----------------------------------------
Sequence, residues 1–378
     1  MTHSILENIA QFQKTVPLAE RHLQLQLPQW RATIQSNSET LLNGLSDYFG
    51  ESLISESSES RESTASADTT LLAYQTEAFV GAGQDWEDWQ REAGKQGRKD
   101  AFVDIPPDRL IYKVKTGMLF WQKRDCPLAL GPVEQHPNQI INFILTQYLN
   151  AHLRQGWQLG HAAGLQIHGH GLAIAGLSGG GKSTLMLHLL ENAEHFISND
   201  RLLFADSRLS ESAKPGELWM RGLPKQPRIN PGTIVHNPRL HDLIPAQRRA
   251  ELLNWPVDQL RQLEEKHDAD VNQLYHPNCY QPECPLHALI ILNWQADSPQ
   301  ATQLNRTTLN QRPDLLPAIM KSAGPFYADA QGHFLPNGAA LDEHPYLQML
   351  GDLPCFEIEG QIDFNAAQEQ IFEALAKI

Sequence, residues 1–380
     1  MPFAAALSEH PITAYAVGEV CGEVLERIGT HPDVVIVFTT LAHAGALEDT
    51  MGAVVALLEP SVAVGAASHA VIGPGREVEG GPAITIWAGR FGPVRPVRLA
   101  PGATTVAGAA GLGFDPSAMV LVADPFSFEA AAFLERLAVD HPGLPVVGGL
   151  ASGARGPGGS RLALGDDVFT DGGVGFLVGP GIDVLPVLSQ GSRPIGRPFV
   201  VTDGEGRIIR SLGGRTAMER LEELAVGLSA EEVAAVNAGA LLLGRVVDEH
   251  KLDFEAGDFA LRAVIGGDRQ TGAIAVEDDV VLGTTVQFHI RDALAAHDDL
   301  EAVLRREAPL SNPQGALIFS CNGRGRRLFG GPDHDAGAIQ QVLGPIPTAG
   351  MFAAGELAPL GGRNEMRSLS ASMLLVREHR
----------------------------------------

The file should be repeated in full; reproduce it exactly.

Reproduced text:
Sequence, residues 1–378
     1  MTHSILENIA QFQKTVPLAE RHLQLQLPQW RATIQSNSET LLNGLSDYFG
    51  ESLISESSES RESTASADTT LLAYQTEAFV GAGQDWEDWQ REAGKQGRKD
   101  AFVDIPPDRL IYKVKTGMLF WQKRDCPLAL GPVEQHPNQI INFILTQYLN
   151  AHLRQGWQLG HAAGLQIHGH GLAIAGLSGG GKSTLMLHLL ENAEHFISND
   201  RLLFADSRLS ESAKPGELWM RGLPKQPRIN PGTIVHNPRL HDLIPAQRRA
   251  ELLNWPVDQL RQLEEKHDAD VNQLYHPNCY QPECPLHALI ILNWQADSPQ
   301  ATQLNRTTLN QRPDLLPAIM KSAGPFYADA QGHFLPNGAA LDEHPYLQML
   351  GDLPCFEIEG QIDFNAAQEQ IFEALAKI

Sequence, residues 1–380
     1  MPFAAALSEH PITAYAVGEV CGEVLERIGT HPDVVIVFTT LAHAGALEDT
    51  MGAVVALLEP SVAVGAASHA VIGPGREVEG GPAITIWAGR FGPVRPVRLA
   101  PGATTVAGAA GLGFDPSAMV LVADPFSFEA AAFLERLAVD HPGLPVVGGL
   151  ASGARGPGGS RLALGDDVFT DGGVGFLVGP GIDVLPVLSQ GSRPIGRPFV
   201  VTDGEGRIIR SLGGRTAMER LEELAVGLSA EEVAAVNAGA LLLGRVVDEH
   251  KLDFEAGDFA LRAVIGGDRQ TGAIAVEDDV VLGTTVQFHI RDALAAHDDL
   301  EAVLRREAPL SNPQGALIFS CNGRGRRLFG GPDHDAGAIQ QVLGPIPTAG
   351  MFAAGELAPL GGRNEMRSLS ASMLLVREHR